“A study of the history of opinion is a necessary preliminary to the emancipation of the mind.”
 
—JOHN MAYNARD KEYNES
 
 
 
 
N
othing, of course, is ever quite as good as we remember. The social democratic consensus and the welfare institutions of the postwar decades coincided with some of the worst town planning and public housing of modern times. From Communist Poland through social democratic Sweden and Labour Britain into Gaullist France and the South Bronx, over-confident and insensitive planners plastered cities and suburbs with unlivable and unsightly housing estates. Some of these are still with us—Sarcelles, a suburb of Paris, bears witness to the haughty indifference of bureaucratic mandarins to the daily life of their subjects. Ronan Point, a peculiarly ugly high-rise in east London, had the good taste to fall down of its own accord but most of the buildings of that era are still with us.
The indifference of local and national authorities to the harm wrought by their decisions can stand for a troubling aspect of postwar planning and renewal. The idea that those in authority know best—that they are engaged in social engineering on behalf of people who do not understand what is good for them—was not born in 1945, but it flourished in the decades that followed. This was the age of Le Corbusier: how the masses felt about their new apartments, the new towns to which they had been moved, the ‘quality of life’ to which they had been assigned, was all too often a matter of indifference.
By the late 1960s, the idea that “nanny knows best” was already starting to produce a backlash. Middle class voluntary organizations began to protest at the wholesale and abusive clearing not just of ‘ugly’ slums but also of prized buildings and townscapes: the wanton destruction of New York’s Pennsylvania Station and London’s Euston Station, the elevation of a monstrous office tower at the heart of Paris’s ancient Montparnasse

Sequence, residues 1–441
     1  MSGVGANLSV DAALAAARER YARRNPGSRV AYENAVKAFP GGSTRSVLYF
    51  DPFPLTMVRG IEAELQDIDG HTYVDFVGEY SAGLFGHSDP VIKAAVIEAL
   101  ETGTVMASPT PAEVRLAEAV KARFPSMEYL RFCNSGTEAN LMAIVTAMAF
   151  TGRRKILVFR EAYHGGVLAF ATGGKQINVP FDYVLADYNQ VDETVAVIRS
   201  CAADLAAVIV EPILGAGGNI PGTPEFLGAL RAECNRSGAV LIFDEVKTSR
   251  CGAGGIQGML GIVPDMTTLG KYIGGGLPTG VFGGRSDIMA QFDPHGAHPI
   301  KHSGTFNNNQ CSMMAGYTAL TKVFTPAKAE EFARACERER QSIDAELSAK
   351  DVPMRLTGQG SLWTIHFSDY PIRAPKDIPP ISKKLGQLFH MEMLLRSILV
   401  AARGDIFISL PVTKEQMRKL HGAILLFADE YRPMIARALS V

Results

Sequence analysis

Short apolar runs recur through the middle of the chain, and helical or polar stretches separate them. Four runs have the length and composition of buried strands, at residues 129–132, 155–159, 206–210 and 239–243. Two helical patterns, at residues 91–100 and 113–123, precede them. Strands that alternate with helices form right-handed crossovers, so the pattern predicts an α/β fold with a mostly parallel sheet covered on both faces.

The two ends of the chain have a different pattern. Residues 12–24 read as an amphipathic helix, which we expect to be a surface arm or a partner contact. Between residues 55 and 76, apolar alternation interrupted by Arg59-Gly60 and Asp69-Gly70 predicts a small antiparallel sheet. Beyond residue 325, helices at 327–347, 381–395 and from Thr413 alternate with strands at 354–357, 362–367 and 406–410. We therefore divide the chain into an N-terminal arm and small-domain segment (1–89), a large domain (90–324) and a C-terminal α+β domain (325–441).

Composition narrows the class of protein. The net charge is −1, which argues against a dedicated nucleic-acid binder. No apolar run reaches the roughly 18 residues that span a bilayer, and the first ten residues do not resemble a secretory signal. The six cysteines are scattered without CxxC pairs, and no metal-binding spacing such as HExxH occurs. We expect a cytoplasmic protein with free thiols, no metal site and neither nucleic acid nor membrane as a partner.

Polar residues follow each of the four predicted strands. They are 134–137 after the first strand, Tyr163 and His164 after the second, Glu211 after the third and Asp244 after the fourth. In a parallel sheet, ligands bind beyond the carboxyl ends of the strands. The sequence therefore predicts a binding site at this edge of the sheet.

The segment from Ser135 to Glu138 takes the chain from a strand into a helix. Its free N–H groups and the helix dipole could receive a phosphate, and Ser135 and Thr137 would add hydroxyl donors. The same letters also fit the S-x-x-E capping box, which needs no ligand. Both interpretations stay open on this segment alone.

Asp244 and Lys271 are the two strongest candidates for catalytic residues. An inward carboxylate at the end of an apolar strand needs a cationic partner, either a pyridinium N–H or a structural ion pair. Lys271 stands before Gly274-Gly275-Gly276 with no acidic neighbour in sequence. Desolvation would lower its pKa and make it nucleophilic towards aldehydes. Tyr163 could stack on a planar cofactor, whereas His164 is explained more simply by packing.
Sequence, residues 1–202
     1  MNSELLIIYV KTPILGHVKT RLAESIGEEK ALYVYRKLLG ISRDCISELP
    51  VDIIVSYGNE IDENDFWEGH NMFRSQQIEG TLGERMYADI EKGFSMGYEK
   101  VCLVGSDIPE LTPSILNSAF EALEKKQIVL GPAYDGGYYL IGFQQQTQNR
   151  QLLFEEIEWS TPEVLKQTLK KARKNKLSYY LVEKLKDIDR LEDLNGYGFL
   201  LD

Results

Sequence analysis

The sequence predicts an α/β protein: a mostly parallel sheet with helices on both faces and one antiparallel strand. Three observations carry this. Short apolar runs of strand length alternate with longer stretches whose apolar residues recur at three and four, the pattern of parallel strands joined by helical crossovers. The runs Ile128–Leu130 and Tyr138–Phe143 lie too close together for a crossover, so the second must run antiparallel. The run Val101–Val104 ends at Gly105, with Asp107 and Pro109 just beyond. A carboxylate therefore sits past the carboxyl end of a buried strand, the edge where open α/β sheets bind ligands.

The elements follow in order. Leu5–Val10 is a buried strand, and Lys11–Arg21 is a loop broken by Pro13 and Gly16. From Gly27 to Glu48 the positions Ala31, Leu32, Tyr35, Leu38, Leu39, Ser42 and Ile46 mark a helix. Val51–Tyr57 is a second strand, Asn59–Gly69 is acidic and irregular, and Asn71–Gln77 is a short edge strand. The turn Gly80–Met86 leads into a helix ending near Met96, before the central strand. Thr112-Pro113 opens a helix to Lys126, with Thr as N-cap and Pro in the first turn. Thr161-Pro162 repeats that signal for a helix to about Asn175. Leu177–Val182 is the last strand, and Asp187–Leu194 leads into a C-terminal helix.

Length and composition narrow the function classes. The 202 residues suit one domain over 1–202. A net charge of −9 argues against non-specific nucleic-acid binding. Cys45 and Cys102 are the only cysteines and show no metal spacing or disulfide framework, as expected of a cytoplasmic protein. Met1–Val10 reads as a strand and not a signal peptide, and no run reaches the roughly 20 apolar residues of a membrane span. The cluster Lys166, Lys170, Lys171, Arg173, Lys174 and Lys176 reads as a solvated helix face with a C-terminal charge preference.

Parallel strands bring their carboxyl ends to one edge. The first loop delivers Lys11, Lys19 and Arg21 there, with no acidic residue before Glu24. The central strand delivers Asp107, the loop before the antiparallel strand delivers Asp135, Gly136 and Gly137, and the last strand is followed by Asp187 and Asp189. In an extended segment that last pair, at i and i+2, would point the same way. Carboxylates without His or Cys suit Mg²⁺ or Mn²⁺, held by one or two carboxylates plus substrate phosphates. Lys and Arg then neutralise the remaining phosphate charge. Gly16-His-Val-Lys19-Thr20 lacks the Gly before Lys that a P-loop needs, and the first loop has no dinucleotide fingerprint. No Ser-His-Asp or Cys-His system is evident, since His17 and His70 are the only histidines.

quartier
, the unimaginative redistricting of whole cities. Rather than an exercise in socially responsible modernization on behalf of the community, these began to appear as symptoms of uncontrolled and insensitive power.
Even in Sweden, where the Social Democrats’ grip on office remained as firm as ever, the relentless uniformity of even the best housing projects, social services or public health policies began to grate on a younger generation. Had more people known about the eugenicist practices of some Scandinavian governments in the postwar years, encouraging and even enforcing selective sterilization for the greater benefit of all, the sense of oppressive dependence upon a panoptic state might have been greater still. In Scotland, where the municipallyowned tower blocks of working-class Glasgow housed upwards of 90% of the city’s population, their air of dilapidation bore witness to the indifference of municipal (socialist) councils to the condition of their proletarian constituents.
The sense, widespread by the ’70s, that the ‘responsible’ state was unresponsive to the needs and desires of those for whom it spoke contributed to a widening social gulf. On the one hand, there stood an older generation of planners and social theorists. Heirs to the managerialist confidence of the Edwardians, these men and women remained proud of their achievements. Middle-class themselves, they were especially pleased at their success in binding the old elites into a new social order.
But the beneficiaries of that order—whether Swedish shopkeepers, Scottish shipworkers, inner-city African-Americans or bored French suburbanites—were increasingly resentful of their dependence upon administrators, local councilors and bureaucratic regulations. Ironically, it was precisely the middle classes who were most contented with their lot—in large measure because they came into contact with the providential state as a source of popular services rather than as a restriction upon autonomy and initiative.
BOOK: Ill Fares the Land